Club sports offer something different at BGSU

BGSU Women’s Soccer Club

Who are they?

President Jessica Temple, who has been with the club since the fall of 2004, runs the BGSU Women’s Soccer Club. This coming year will be Temple’s fourth with the club.

Temple estimated the club has been on campus for ten years and they have competed in the Women’s Midwest Alliance Soccer Conference. The Women’s Club Soccer is active during the fall and spring semesters.

What do they do?

“BGSU Women’s Club Soccer allows players who wish to continue playing competitive soccer in an intercollegiate setting,” Temple said.

According to Temple, the club isn’t as rigorous or demanding as varsity soccer but it is “significantly more serious and competitive than intramurals.”

Why should you care?

The Women’s Soccer Club has played competitively against such schools as Ohio State, Miami, Kent State and Toledo. This year they will be competing against teams like Purdue, Ball State, Xavier and Dayton – not to mention a double and triple-header late in the season.

What’s it like?

According to Temple, the first try-outs can be nerve-wrecking because, due to the club’s popularity, the amount of girls that come are so large, but the number of spots are so little.

“When I made the team, became a regular starter and made friends I began to have a good time,” Temple said.

Throughout her time on the team, Temple also believes she has built what she believes will be lifelong friendships.

How to contact them:

Jessica Temple, President [email protected]

BGSU Club Water Ski and Wakeboard Team

Who are they?

Kirk Collins, the President of the organization, leads the Club Water Ski and Wakeboard Team. The team competes during the fall semester and they have ski trips in the spring.

“During the year we have various gatherings to sled, swim or play

volleyball at the rec,” Collins said.

The two staples of the club’s school year are their snow ski trip in the winter and a trip they take on a houseboat in the spring.

What do they do?

The club also competes in tournaments during the fall semester.

Why should you care?

According to Collins, several of the team members have been placing higher at tournaments and garnering national recognition.

“We are gradually placing higher at tournaments, getting our name

known and recruiting great talent,” Collins said.

What’s it like?

The team’s mission statement clearly outlines the experience its members are intended to have: “We encourage students of all ability levels to set personal goals and provide the opportunity for them to compete competitively all while creating a nationwide network of friends and colleagues that will last a lifetime.”

“What it comes down to is it give people a chance to try a new sport that most people aren’t fortunate enough to experience due to the high cost and the required elements necessary to participate,” Collins said.

Collins believes that his team is the closest team on campus, saying that everyone is always going out of their way to help one another. Collins also said that, even though he was shy and wasn’t the best skier in the beginning, people kept talking to him and inviting him to go places with them.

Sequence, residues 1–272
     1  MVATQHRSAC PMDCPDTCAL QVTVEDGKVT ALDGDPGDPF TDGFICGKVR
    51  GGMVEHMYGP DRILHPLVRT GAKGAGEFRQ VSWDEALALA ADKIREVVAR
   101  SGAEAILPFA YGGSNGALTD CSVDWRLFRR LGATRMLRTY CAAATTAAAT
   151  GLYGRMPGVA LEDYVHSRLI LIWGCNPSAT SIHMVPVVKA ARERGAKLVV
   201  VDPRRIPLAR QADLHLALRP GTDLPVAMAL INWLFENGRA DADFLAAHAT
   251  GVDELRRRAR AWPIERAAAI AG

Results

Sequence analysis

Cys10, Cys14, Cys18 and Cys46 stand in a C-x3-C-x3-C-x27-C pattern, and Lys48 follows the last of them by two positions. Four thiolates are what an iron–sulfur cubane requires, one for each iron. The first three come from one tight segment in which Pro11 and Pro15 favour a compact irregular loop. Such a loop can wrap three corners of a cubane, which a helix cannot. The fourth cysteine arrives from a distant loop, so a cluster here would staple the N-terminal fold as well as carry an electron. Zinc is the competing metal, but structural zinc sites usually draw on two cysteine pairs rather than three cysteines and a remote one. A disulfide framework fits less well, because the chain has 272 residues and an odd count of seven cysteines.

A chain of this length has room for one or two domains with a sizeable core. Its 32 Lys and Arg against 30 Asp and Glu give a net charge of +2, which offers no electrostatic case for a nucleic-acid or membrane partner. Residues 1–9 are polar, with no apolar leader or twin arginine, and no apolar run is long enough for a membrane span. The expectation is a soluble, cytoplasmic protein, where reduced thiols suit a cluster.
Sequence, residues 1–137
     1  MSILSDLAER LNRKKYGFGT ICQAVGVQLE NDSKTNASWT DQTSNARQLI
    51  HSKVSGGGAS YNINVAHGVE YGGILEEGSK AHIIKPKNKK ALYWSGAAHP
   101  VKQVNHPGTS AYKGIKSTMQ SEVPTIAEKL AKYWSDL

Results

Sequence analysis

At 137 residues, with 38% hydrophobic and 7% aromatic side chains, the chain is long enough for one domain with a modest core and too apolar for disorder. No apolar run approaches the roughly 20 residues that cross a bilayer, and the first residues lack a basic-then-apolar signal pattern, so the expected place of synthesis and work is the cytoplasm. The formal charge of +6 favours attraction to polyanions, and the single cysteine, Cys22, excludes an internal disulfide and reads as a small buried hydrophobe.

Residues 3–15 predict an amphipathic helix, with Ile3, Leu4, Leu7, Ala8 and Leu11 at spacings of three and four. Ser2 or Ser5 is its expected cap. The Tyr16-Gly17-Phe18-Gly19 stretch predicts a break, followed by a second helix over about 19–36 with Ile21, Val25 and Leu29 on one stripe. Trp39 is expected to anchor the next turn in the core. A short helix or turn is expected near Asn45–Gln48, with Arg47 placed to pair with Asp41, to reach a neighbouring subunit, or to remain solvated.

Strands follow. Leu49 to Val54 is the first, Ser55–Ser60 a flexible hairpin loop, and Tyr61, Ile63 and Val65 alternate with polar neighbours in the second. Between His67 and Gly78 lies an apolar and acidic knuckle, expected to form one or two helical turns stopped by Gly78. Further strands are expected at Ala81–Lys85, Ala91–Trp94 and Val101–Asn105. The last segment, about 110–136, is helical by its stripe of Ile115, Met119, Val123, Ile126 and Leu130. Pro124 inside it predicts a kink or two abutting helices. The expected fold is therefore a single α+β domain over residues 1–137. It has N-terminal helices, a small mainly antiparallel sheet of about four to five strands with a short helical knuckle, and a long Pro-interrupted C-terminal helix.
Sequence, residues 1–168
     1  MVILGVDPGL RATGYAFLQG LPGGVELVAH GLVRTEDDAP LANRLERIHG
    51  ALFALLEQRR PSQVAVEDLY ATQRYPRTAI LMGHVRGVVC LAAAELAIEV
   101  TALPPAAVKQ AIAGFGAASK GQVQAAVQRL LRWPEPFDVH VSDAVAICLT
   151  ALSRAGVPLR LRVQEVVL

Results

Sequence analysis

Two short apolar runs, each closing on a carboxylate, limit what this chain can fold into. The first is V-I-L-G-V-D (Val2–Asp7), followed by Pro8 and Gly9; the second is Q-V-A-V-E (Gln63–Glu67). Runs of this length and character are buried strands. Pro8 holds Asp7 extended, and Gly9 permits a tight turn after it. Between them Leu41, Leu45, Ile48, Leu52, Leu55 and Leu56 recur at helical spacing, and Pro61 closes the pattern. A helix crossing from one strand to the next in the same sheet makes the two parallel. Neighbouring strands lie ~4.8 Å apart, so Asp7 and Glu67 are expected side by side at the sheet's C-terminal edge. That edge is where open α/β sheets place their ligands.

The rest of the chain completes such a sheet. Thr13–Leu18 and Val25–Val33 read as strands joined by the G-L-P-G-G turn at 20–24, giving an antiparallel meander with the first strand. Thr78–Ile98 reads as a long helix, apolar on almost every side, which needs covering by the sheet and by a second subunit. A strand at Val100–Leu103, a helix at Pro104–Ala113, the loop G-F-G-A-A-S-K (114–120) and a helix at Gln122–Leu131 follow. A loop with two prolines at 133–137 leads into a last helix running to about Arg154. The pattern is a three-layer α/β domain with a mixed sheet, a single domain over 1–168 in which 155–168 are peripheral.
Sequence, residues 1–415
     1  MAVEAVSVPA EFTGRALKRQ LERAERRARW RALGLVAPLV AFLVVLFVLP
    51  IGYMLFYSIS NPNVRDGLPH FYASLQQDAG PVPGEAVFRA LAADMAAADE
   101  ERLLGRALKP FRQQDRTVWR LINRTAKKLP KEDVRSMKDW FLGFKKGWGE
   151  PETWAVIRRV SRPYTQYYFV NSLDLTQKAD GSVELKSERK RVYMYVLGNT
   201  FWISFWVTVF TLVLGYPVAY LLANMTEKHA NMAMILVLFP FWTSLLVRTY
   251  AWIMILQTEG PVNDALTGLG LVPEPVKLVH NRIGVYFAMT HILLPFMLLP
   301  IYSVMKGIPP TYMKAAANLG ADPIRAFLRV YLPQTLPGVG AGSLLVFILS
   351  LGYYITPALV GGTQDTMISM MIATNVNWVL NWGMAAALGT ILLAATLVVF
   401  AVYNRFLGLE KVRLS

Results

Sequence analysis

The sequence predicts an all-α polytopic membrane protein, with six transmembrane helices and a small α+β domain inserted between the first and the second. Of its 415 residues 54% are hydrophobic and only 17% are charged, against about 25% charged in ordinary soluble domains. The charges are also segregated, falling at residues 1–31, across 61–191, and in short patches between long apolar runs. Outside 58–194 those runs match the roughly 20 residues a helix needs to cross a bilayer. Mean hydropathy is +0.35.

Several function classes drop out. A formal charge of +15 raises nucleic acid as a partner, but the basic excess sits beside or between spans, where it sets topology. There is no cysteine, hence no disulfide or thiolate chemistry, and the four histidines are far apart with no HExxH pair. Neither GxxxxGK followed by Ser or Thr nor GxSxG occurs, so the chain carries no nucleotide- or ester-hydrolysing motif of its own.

“I want to continue to make people feel welcome because once they get to know everyone. They won’t want to leave the team and the more comfortable you are with the people in the boat, the easier it is to ski behind it,” Collins said.

How to contact them:

Kirk Collins [email protected]

BGSU Ultimate Frisbee Team

Who are they?

The Ultimate Frisbee Team has been on Bowling Green’s campus for about seven years and Amber Taylor has been involved with the team for three years and is now the secretary. According to Taylor the team is open to everyone.

“Our team is relatively new, but I’m not sure exactly how

long it’s been a club,” Taylor said.

What do they do?

The Ultimate Frisbee Team is active in both the fall and spring semesters. According to Taylor, fall semester is more laid back.

“It’s a good time for people to get experience at practice and tournaments,” Taylor said.

The spring semester is when the team becomes more competitive and serious. That’s the time of year their practices become more intense and they start conditioning. The team practices and travels mainly to tournaments in Ohio. According to Taylor, they also venture into Indiana, Illinois and Pennsylvania.

“The Spring semester ends with the College Ultimate Players Association Championship series which is made up of Sectionals, Regionals and Nationals,” Taylor said.

Why should you care?

The team has competed at the Regional level in the past. According to Taylor, there is a lot of competition in their Section, so making it to Regionals has been a big accomplishment.

“Our team’s dues are much lower than other clubs as not much equipment is involved in playing Ultimate,” Taylor said.

These dues are about $40 a semester, which gets spread out to cover team dinners; tournament costs – fees, hotels, gas reimbursement – jerseys and discs.

What’s it like?

Taylor describes her first year with the team as a great experience, saying that the returning players were both helpful and encouraging.

“The team members made sure all of the new players got to play, no matter how inexperienced,” Taylor said.

The welcoming nature of the returning players and the fact that there are no cuts takes pressure off of incoming players. The returning players also made sure the new players were included in the outdoor practices.

“While the club members are predominantly male, we encourage females to play as well,” Taylor said.

How to contact them:

Amber Taylor [email protected]